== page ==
By Alissa Merksamer on July 26, 2013 1:00 PM
Consumers unwittingly collect olive oil as they would wine, decorating their counters with lean, dark bottles emblazoned in elegant labels to be used sparingly over the next year or more. However, reports of an influx of counterfeit extra virgin olive oil from overseas have buoyed local producers’ efforts to show shoppers their California product is not only pure, but fresher and tastier. Continue Reading
June 26 2013
By Simon Field | Victoria, Australia
The global olive industry is a complex matrix of production, distribution and consumer behavior which changes daily with climatic conditions, political activity and the decisions of businesses, large and small. The industry does not operate in isolation, it is affected by the trends in competing vegetable oil industries, the global financial situation, social imperatives and the emergence of new technology. Olive oil consumption has a very long history and an assured future. The future will be shaped by the global industry’s recognition and strategic response to the many challenges it will face. An important step in responding effectively at local, regional and international levels is the recognition of the most important trends which will influence the industry over the next ten years. The following ‘megatrends’ are identified as the most significant factors which should be considered when planning to sustain and grow all small, medium and large olive oil enterprises.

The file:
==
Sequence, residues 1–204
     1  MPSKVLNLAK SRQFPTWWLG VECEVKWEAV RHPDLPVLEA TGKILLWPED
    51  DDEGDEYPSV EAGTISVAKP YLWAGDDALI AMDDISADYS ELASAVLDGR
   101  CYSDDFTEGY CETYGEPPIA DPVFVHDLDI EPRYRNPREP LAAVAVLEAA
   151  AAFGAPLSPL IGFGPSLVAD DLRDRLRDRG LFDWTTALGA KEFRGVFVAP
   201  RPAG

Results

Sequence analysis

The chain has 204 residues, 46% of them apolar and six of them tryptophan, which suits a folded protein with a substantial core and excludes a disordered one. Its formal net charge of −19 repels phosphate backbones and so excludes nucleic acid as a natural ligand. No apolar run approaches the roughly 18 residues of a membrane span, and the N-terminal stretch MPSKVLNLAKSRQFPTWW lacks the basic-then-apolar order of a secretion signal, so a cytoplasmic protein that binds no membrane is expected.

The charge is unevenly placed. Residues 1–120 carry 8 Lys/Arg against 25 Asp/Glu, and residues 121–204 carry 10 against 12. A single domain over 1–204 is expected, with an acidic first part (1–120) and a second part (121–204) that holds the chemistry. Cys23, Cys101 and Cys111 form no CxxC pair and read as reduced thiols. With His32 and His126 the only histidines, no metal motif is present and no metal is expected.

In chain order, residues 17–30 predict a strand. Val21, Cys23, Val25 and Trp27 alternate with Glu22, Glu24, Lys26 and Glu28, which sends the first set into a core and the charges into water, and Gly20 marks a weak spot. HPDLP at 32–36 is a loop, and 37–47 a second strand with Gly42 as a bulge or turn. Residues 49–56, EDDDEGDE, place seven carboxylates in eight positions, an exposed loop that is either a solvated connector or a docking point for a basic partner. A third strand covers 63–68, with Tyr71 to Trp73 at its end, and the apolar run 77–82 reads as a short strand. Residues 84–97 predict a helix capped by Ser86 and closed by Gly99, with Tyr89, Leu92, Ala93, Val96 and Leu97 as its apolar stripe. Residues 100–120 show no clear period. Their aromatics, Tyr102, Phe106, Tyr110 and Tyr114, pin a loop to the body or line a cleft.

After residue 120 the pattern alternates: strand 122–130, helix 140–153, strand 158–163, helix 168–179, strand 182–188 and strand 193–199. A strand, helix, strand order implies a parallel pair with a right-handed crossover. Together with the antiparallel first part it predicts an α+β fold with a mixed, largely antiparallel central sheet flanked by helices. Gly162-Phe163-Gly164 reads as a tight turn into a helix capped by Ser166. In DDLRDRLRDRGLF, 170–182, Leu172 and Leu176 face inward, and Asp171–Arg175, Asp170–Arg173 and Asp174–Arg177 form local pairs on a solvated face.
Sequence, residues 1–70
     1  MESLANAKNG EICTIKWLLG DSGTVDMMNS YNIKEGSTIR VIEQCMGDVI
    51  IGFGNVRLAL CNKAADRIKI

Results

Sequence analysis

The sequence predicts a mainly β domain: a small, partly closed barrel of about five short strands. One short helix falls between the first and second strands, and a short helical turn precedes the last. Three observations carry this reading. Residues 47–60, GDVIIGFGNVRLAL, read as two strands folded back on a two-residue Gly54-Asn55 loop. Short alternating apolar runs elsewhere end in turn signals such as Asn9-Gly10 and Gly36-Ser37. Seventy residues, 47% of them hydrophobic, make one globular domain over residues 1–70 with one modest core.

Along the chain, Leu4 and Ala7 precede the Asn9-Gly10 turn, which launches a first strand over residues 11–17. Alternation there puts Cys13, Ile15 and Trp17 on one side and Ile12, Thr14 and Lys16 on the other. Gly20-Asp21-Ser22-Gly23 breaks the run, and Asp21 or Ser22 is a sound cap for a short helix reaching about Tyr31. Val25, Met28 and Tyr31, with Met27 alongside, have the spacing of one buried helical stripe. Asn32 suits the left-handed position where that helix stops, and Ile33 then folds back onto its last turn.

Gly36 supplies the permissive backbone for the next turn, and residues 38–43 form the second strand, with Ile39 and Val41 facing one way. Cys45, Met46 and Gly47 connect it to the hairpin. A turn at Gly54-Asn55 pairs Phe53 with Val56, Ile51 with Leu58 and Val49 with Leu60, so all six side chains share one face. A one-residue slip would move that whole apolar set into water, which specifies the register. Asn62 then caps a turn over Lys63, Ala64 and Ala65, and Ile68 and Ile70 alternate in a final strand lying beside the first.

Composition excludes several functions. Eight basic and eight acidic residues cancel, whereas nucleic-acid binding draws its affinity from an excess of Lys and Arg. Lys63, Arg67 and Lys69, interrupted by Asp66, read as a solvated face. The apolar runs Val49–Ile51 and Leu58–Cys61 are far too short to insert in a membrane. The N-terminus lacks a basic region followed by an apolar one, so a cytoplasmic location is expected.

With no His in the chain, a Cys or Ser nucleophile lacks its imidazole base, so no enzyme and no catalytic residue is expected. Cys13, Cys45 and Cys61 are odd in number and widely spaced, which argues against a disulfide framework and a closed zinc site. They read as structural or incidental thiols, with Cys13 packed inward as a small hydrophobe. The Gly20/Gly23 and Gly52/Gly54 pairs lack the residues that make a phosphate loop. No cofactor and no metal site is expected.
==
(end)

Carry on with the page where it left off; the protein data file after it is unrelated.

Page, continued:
Historically the olive industry has been concentrated in, and controlled by, Mediterranean countries. Over the past two decades there has been an expansion of the production base to countries which previously were net importers, namely the USA, Australia, Chile and more recently China and India. While production in these countries is less than 2% of world production, their presence has had an impact on the global politics of olive oil as the new entrants strive to displace imports with domestic products and expand into the export market
Traditional producing countries, especially Spain, have expanded their production base into neighboring countries such as Portugal and Morocco, as well as establishing joint ventures in South America, China and India.
The aggressive growth of the industry in Spain has resulted in the acquisition of brands which traditionally were associated with Italy. This trend has resulted in a blurring of the association of brands with particular producing countries and seen the growth of large corporations operating without the constraints of borders. Continue Reading
By JAMES KANTER Published: May 23, 2013
BRUSSELS — With the European economy reeling from austerity and joblessness, the European Union took time last week to focus on something rather smaller in scale: it approved a measure that would ban restaurants from serving olive oil in cruets or dipping bowls.
The reaction was severe. Prime Minister Mark Rutte of the Netherlands condemned the measure, calling it “too bizarre for words” and not at all green.
Criticism was particularly harsh in Britain, often the first among critics of the European Union’s reach.